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XFllo
topic
11:08:28 PM Oct 14th 2013
edited by 77.48.59.193
Removed because Thread Mode and Conversation on the Main Page are not allowed.

Five asterisks are completely wrong — see Example Indentation and How to Write an Example.

  • Morality is so gray in Dragon Age: Origins that it would be easier to list who doesn't have an Alternative Character Interpretation. There really aren't any inarguably purely good characters in this game, barring the Grey Warden him/herself if you play that way. The only completely evil and unsympathetic characters in this game are Arl Howe, Flemeth (though one version of her backstory makes her a little sympathetic), Bann Vaughn, and the Darkspawn. Though the existence of The Architect does imply that the Darkspawn are more than just a bog standard evil Horde.
    • That's stretching it. There's hardly grayness to be found in Bann Teagan. Loghain is a much more concrete example of this trope, but some of that is arguably Leather Pantsing; he crosses the Moral Event Horizon several times (some would argue that selling your own people into slavery to fund your coup can't ever be justified). This world isn't quite as gray as fandom sometimes portrays it.
      • Most people attempting to interpret Loghain in a positive light forget that he never thinks the Darkspawn pose an actual threat. His coup and "ends justify the means" attitude were based solely on the belief that Cailan having any sort of friendly relationship with Orlais would immediately cause Orlais to invade them and destroy Ferelden.
      • Most people also forget that Cailan completely deferred to Loghain on military matters. Loghain is the one that came up with the plan that failed and resulted in Cailan's death. Loghain just set it up to look like Cailan had a stupid plan that got him killed.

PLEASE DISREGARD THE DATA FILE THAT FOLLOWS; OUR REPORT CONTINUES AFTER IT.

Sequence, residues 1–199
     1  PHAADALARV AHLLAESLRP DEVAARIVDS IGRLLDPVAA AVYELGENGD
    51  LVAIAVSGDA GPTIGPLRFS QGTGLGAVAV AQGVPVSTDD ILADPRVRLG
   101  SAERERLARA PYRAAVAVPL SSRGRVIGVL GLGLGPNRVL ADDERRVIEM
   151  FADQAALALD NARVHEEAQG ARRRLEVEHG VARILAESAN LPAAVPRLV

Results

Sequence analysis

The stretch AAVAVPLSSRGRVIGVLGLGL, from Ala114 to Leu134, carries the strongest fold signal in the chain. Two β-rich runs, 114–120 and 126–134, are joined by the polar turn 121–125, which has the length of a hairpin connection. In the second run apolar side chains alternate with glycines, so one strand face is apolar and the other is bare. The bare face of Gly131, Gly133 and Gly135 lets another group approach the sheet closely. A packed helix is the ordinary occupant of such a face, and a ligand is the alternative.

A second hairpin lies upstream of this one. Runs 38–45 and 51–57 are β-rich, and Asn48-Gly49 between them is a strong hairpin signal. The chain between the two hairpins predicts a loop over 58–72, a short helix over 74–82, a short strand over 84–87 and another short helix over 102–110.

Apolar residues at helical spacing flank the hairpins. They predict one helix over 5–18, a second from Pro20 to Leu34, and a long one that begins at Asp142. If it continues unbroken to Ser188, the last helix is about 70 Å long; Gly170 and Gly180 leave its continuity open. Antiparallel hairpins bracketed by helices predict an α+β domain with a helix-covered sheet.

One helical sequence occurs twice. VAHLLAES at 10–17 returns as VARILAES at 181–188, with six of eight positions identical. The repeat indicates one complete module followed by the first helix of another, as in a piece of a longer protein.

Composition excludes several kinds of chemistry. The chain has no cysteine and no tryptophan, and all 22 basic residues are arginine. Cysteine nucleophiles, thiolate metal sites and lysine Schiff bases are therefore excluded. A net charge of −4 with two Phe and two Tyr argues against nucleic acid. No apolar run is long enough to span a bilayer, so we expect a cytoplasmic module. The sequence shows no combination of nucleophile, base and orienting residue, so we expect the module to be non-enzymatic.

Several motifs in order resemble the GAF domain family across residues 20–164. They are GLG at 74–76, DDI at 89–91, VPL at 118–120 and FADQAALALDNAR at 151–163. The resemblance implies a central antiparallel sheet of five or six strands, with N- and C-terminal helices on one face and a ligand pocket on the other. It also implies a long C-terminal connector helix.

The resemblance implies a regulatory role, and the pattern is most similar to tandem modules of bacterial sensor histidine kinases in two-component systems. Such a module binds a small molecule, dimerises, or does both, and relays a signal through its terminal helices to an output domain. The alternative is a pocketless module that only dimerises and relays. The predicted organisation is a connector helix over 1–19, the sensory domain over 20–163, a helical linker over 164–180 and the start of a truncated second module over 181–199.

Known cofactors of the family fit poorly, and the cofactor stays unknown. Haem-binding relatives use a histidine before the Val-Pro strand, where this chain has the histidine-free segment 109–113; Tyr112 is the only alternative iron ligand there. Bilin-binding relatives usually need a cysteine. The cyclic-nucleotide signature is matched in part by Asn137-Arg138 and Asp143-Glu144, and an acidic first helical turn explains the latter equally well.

• Plus, it was Arl Howe who sold the elves into slavery. Though it is possible Loghain let him do it.
        • Also, Loghain plots the demise of King Cailan, forgetting that Ferelden is not the Empire with strong monarchic rule but rather a federation of feudal domains. Most positive interpretations of Loghain portray him as a well-intentioned extremist although he seems to be more of a short-sighted egomaniac (deliberate destruction of a defending army and underestimation of an obviously powerful enemy are hardly characteristics of a good leader).
          • Or, alternatively, Loghain openly and unequivocally objected to Cailan's plan, leaving so little room for doubt that Cailan could not help but be aware of how wholehearted his dissent, and when the time came for him to play his part in the stupidity, he decided to just shuffle off rather than commit his troops to it. He volunteered his disagreement with Cailan to you, the player, who he's never met before, so surely it wasn't a secret. If he was lurking in the shadows to stab when least expected, he certainly wasn't stealthy about it, and wasn't very proactive when the time came; what exactly did he do to 'destroy a defending army'?